Thompson prepares for Blyth Festival position - April 20, 2017
BY SHAWN LOUGHLIN
Severn Thompson has a long history with Blyth and the Blyth Festival and now she has grand plans as the Festival’s newest associate artistic director.
Thompson, who has been expanding her dramatic range in recent years, says she’s looking forward to many aspects of the position, but especially the production of plays and the planning of a season.
After spending many years as one of Canada’s more accomplished stage actors, Thompson adapted her skills to the television screen, performing in a number of Canadian programs. She would then continue to expand her work to directing, writing and now as an associate artistic director, which, she says, feels like a logical next step in many ways.
Discussion surrounding the position began near the end of last season, she said. Thompson began discussing the possibility with Artistic Director Gil Garratt and those talks persisted over the winter before an agreement was put into place earlier this year for the coming season.
What comes after that is unknown, but Thompson said she hopes the arrangement will be long term.
Garratt spent a number of years as an associate artistic director himself under Eric Coates, so he knows how important the position is and all that can be learned in such a capacity.
Thompson says she’s greatly excited by the opportunity and hopes to keep expanding her skill set in the world of drama. Not only is she happy that continuing education is taking place, but she thinks it’s logical that it’s happening in Blyth, where so many of her firsts took place.
The first time Thompson acted professionally was on the Festival stage, she said, as was the first time she directed professionally.
As for becoming an associate artistic director, Thompson says there are few people from whom she could learn more than Garratt. Thompson says Garratt knows the position well and knows how to develop talent through that avenue.
While as recently as two years ago Thompson wouldn’t have been able to say she had experience in producing a show or fostering an idea all the way to a live stage production, she’s now done that with her own show at Theatre Passe Muraille, so she feels the foundation is there for her to now build upon.
Thompson recently produced Elle, a play she created from the ground up after reading the story and envisioning it on the stage.
The play is based a French noblewoman who was marooned on an island for having an affair, but survives. The tale of survival in the 1500s was a rugged tale, Thompson said, but an exhilarating story to tell.
The play began in Toronto and then toured various locations across the country, including Vancouver, Winnipeg and Waterford, Ontario, which is the home community of the book’s author, Douglas Glover.
It was an amazing learning experience, Thompson said, that was well received at all of its stops.
Elle was one of the few projects Thompson had undertaken in the time since she was last at the Blyth Festival. During that time she also did some work with The Cole Mine Theatre in Toronto and she continues to teach a Shakespeare project to George Brown College acting students.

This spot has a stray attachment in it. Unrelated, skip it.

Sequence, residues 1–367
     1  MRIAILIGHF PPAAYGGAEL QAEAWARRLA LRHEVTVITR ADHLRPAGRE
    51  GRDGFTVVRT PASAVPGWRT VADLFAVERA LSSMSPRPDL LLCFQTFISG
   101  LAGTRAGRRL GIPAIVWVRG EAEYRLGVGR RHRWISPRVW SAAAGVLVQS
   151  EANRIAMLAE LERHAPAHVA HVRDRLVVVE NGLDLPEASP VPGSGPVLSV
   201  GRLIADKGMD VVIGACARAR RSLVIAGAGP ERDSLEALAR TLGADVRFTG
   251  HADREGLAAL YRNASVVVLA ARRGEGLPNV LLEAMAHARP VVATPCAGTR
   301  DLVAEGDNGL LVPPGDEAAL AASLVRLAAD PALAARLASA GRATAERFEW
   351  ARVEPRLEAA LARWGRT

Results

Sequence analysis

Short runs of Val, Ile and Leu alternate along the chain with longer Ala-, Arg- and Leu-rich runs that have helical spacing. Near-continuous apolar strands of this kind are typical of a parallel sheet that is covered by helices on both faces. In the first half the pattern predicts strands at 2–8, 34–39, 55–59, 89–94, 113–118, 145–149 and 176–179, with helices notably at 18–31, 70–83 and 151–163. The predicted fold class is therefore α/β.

Thompson was last in Blyth as one of the two leads in Seeds, the opening play of Garratt’s first season as artistic director. She had previously been in Blyth to direct 2013’s Beyond The Farm Show and the Young Company project The Farm the year before that. The Farm was based on her father Paul’s production of The Farm Show in Goderich Township in 1972 and would form the basis for the 2013 revisitation to the project.
This summer, while Thompson will begin her time as the Festival’s associate artistic director, she will also be directing The Pigeon King, which will star Garratt and several other Festival regulars like J.D. Nicholsen and Rebecca Auerbach.
While that project is still very much in the research and development phase, Thompson says she’s excited about helping to bring the story to the stage. Not only will The Pigeon King tell the story of notorious embezzler Arlen Galbraith and the farmers he took for millions, but it will also explore the very nature of farming – the ups and downs of markets and weather and why farmers can find themselves susceptible to scams such as Galbraith’s.
The Pigeon King opens at the Blyth Festival on Friday, Aug. 11 – the Festival’s third show and second world premiere of the season.
Thompson, no stranger to the community, partly grew up in Huron County, spending summers in Blyth with her parents. The daughter of The Farm Show creator Paul Thompson and actress Anne Anglin, Thompson was a Young Company participant for years.
Despite growing up in both a household and a community that was steeped in the culture of theatre, Thompson says it was far from a direct journey that ended in her career in acting.
“I went to college in Montreal and I took courses on everything but acting, but I couldn’t settle on anything” Thompson said. “I finally came to the realization that through acting, you can do all of these things and be all of these people, depending on the day.”
Once Thompson made that decision, she headed to the National Theatre School in Montreal and never looked back.
After initially acting at the Blyth Festival in her younger years, Thompson’s post-theatre school career began at the Shaw Festival, an institution she said she greatly admired at the time for its tremendous roles for young women.
Her work at the Shaw Festival was then followed with years of acting at the Stratford Festival, as well as in a number of shows in Toronto.
Her acting career then took a turn to the cinematic, as she took a number of television roles on shows such as Hannibal, Defiance, Rookie Blue, Helix and Ransom among others.
For more information on this year’s Blyth Festival season, visit www.blythfestival.com.